Unlike many other states, Oklahoma has kept the promise of the 1998 Master Settlement Agreement.
Oklahoma is the only state in the nation that has constitutionally protected the majority of funds it received as part of a multi-state lawsuit against the tobacco industry. The funds were placed in an endowment to ensure a growing funding source dedicated to improving the health of all Oklahomans for generations to come.
A 2000 constitutional amendment approved by a 69 percent to 31 percent vote:
• Established the Oklahoma Tobacco Settlement Endowment Trust Fund (TSET).
The Endowment is a long-term strategy to improve Oklahoma’s health status. Earnings from investments have gradually increased each year from a low of $650,000 at the end of FY 2002 to a high of $18.9 million in FY 2010. An additional $17.3 million was certified from FY 2011 investments after an Attorney General’s opinion clarified the definitions of earnings in 2011.
The Board of Directors is bipartisan with representation from each congressional district and each board member is appointed by a different elected official, as mandated in the state Constitution.
The Board engages in regular strategic planning that includes a review of research and input from key stakeholders such as elected officials, private funders, state agency leaders, and health advocates from across the state. The Board’s mission is to improve the health of every Oklahoman by reducing the state’s leading causes of death.
• Oklahoma ranks the worst among states in cardiovascular disease deaths.
TSET-funded programs are common sense investments to create real and sustainable change. TSET prevention programs are based on the best evidence available and rigorously evaluated. TSET funding supports comprehensive, statewide approaches to help fulfill the Oklahoma plans addressing tobacco use prevention and cessation, and physical activity and nutrition. These programs and policies will stem the tide of preventable disease, disability and death.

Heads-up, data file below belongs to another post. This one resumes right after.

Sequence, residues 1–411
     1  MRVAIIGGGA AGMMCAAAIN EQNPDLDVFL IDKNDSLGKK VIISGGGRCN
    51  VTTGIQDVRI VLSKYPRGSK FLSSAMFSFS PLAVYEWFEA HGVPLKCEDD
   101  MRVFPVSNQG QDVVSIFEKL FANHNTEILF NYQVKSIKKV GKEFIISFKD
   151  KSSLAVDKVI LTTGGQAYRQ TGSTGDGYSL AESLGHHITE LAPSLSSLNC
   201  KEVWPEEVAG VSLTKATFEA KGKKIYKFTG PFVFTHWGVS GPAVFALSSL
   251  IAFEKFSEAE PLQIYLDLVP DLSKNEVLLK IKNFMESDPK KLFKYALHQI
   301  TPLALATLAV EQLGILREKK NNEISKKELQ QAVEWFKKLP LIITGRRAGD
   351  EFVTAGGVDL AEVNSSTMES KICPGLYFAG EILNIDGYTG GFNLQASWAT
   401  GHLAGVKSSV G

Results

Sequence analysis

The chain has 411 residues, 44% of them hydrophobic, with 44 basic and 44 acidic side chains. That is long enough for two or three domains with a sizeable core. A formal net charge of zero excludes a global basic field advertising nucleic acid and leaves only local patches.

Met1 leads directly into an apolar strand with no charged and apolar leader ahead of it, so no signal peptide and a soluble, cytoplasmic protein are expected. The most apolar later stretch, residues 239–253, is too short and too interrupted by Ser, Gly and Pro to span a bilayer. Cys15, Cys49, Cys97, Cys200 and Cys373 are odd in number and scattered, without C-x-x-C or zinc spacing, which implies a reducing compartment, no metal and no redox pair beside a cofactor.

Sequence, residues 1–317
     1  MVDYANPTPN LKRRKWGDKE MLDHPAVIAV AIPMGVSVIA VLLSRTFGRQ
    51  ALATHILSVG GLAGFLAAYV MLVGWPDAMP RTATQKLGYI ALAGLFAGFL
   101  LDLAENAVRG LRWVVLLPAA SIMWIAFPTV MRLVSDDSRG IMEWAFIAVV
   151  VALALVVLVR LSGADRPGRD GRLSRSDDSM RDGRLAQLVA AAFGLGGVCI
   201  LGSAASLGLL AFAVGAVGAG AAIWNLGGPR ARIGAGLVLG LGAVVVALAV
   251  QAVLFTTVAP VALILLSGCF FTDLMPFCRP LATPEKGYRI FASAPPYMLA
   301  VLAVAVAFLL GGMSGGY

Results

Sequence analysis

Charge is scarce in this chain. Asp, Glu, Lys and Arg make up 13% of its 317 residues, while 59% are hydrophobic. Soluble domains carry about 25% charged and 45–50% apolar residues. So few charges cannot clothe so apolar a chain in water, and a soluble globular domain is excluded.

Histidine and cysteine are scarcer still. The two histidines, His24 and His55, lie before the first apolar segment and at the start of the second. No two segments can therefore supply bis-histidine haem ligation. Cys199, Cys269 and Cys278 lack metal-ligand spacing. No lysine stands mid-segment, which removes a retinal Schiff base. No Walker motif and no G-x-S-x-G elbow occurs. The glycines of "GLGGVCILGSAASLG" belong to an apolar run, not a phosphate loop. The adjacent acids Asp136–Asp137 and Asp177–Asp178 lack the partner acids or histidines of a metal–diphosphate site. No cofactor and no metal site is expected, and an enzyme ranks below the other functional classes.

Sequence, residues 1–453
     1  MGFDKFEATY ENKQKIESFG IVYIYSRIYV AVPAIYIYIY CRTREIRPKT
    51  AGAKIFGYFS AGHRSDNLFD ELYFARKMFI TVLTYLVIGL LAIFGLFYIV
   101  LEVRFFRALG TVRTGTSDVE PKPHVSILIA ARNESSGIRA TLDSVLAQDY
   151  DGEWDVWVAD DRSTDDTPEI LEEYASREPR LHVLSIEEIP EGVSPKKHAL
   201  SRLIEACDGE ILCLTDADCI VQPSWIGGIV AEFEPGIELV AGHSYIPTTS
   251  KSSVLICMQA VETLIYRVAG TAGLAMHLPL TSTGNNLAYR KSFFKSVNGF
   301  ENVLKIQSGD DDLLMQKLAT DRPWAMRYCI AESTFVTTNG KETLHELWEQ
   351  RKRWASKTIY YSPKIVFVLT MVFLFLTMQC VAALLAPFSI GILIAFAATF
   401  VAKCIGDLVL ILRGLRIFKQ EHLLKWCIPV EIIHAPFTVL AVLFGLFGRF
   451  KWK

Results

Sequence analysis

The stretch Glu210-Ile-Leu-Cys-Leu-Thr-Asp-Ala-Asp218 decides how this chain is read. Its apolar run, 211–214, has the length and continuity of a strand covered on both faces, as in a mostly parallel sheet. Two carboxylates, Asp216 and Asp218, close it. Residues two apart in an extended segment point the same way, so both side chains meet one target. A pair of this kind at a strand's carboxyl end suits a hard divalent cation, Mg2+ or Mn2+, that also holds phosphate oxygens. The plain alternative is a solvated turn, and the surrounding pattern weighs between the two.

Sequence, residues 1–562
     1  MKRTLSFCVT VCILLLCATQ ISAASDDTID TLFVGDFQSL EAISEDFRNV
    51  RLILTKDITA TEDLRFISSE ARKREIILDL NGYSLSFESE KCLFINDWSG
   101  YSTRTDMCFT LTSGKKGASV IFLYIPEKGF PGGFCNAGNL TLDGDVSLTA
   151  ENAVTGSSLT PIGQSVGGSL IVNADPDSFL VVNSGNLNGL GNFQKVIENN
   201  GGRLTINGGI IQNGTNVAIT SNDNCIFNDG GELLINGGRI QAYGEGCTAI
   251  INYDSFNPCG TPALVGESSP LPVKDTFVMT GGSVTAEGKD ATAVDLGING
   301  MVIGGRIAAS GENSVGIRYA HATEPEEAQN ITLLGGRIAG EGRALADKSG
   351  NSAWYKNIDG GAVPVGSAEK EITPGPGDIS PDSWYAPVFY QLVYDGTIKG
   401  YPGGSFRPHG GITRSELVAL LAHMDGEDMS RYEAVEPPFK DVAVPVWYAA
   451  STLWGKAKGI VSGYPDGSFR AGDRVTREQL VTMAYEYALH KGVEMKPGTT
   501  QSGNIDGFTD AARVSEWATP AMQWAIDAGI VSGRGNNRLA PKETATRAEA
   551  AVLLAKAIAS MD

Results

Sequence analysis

TSET also invests in cutting-edge research by Oklahoma biomedical and behavioral scientists to improve health, leverage outside research funding and increase the number of highly skilled jobs in the state. TSET has expanded research funding in Oklahoma by dedicating $45 million to the Stephenson Cancer Center and the Oklahoma Center for Adult Stem Cell Research. The Stephenson Cancer Center is home to the TSET Cancer Research Program and the Oklahoma Tobacco Research Center. The Oklahoma Center for Adult Stem Cell Research is a collaborative effort between OMRF, OUHSC and OSU. Unsolicited proposals also are accepted to respond to emerging opportunities to improve the health of our state.
Early signs of progress are being realized. Oklahoma improved its tobacco prevention funding and is now ranked 11th instead of 41st in the nation. The Oklahoma Behavioral Risk Factor Surveillance System showed Oklahoma’s adult smoking prevalence rate moved to a new low of 23.7 percent for the first time since the endowment was established. Smoking among high school youth dropped from 23.4 percent in 2007 to 20.2 percent in 2009 and among middle school youth from 7.5 percent in 2007 to 6.5 percent in 2009, according to the Oklahoma Youth Tobacco Survey.
For more information, contact Julie Bisbee, Public Information Officer or Tracey Strader, Executive Director, Oklahoma Tobacco Settlement Endowment Trust, (405) 521-3888, toll-free (866) 530-TSET, www.tset.ok.gov.